United’s first goal came from a move involving Quixall and Dawson who placed a surprisingly delicate throughball to Bobby who’d suddenly found space in the middle of the penalty area. He controlled the ball, surged past defender Bobby Evans, drew The Cat and then buried it with a flicked shot of clinical accuracy with the outside of his left foot. As usual in London, United’s goal was greeted with a mighty roar, almost as though they were the home team. ‘Cockney Reds’? ‘Glory Hunters’? Who knows, there were lots of them, and United were only 15th in the league before kick off.
The second goal came when Dawson and Pearson worked their way through the wreckage of Chelsea’s defence with a close-passing movement culminating in a walloping right footer from the muscular Scottish centre forward. Dawson’s well-merited goal came with a little over twenty minutes to go, and looked to have clinched it. But there was a late flurry of action as Gregg was forced to make some courageous saves. Then Bluntstone pushed past Brennan and put across a neat pass to Brabrook, who scored with simplicity at the far corner. A sloppy and annoying lapse, but no matter, the final whistle blew and United had the points in the bag, and I had my early Christmas present.
Final Score: Chelsea 1 Man United 2: Poetry in Motion
I have fond memories of that victory at Stamford Bridge fifty years ago, blended in my mind with two songs which kept reverberating in my mind as I headed home , both riding high in the singles charts at the time, Johnny Tillotson’s ‘Poetry In Motion’ hitting No1 in January 1961. Of course it’s a simple pop love song, and it’s about a girl, but it always makes me think of how Bobby Charlton played that afternoon, with ‘lovely locomotion’ that ‘kept my eyes wide open’. Yes, to me Bobby Charlton was always ‘Poetry in Motion’.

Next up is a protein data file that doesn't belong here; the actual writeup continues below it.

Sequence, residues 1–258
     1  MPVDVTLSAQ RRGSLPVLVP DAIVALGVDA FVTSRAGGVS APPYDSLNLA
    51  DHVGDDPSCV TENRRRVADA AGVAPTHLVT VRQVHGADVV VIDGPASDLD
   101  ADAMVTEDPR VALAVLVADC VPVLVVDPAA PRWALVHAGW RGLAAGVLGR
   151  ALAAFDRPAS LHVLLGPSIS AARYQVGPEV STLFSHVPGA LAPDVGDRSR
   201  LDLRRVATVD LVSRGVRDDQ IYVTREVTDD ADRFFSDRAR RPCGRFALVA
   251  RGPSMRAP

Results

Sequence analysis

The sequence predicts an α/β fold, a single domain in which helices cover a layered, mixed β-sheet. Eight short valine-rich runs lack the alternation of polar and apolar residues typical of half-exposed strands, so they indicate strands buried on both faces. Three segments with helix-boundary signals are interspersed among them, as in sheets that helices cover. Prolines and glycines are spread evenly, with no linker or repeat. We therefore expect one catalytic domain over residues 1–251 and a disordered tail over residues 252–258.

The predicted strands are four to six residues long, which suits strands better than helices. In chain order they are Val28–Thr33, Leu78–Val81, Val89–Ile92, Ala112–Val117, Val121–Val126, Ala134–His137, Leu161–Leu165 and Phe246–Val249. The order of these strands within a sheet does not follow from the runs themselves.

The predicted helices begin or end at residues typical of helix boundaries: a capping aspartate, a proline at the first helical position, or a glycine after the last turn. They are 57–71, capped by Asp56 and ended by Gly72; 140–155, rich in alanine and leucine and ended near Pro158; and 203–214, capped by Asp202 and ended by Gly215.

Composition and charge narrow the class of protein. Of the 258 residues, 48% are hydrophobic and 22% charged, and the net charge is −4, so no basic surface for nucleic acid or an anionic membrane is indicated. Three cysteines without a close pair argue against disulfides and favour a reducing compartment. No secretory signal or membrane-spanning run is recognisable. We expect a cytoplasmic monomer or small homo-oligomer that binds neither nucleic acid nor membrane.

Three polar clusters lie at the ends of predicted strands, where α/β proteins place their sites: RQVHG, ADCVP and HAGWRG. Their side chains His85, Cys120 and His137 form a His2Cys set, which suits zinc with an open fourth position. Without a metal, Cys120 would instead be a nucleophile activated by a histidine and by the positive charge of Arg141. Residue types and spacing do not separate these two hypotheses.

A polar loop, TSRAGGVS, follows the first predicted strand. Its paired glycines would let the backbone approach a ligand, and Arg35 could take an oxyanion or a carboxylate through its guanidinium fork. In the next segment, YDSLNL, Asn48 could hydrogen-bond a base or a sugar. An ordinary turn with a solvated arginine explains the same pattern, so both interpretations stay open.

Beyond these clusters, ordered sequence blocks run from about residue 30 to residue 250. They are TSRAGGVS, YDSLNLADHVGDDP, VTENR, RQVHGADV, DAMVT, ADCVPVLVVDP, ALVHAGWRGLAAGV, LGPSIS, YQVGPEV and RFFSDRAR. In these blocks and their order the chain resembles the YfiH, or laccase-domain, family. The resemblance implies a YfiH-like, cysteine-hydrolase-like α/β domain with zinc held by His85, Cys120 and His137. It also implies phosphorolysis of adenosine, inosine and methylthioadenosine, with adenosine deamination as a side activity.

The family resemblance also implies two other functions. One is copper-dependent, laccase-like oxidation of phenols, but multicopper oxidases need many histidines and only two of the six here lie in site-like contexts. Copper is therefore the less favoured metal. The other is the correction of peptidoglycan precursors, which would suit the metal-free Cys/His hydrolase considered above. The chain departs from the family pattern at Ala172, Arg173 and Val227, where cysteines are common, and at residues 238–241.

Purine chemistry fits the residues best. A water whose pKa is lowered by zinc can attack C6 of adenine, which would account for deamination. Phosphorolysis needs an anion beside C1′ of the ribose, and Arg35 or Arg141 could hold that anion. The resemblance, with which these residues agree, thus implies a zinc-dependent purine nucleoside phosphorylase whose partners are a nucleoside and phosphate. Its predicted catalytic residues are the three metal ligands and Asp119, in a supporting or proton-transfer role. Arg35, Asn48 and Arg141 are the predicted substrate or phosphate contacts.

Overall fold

The other record, ‘You Talk Too Much’ had been in the charts since November 1960, a New Orleans R&B novelty song by Joe Jones, ideal for singing under one’s breath against anyone annoying, such as a teacher, or a know-all Chelsea supporter on the Underground slagging off United .So this is what I found myself mouthing away as I joined the packed throng of cheesed-off Chelsea fans heading for Fulham Broadway.
You talk too much
You worry me to death
You talk too much
You even worry my pet..
You just talk, talk too much!’
To make things worse for disconsolate Blues that Christmas, United beat them 6-0 at Old Trafford on Boxing Day.
Despite the wealth of talent coming through at Stamford Bridge, Chelsea stumbled in the next couple of years, foolishly selling Jimmy Greaves in 1961, one of the greatest goal-machine geniuses I’ve ever seen, and they plunged into relegation in 1962. Ted Drake was replaced by ex-player Tommy Docherty who brought them straight back up, boasting that the youths coming through the Chelsea scouting system were better than those at Old Trafford. ‘They came off that conveyor belt’, he said, ‘like shit off a shovel’.
Under the Doc, things did look up, but United’s recovery was more emphatic, winning the FA Cup in ’63, five years after Munich, and the league in 1964-65, when Chelsea came third.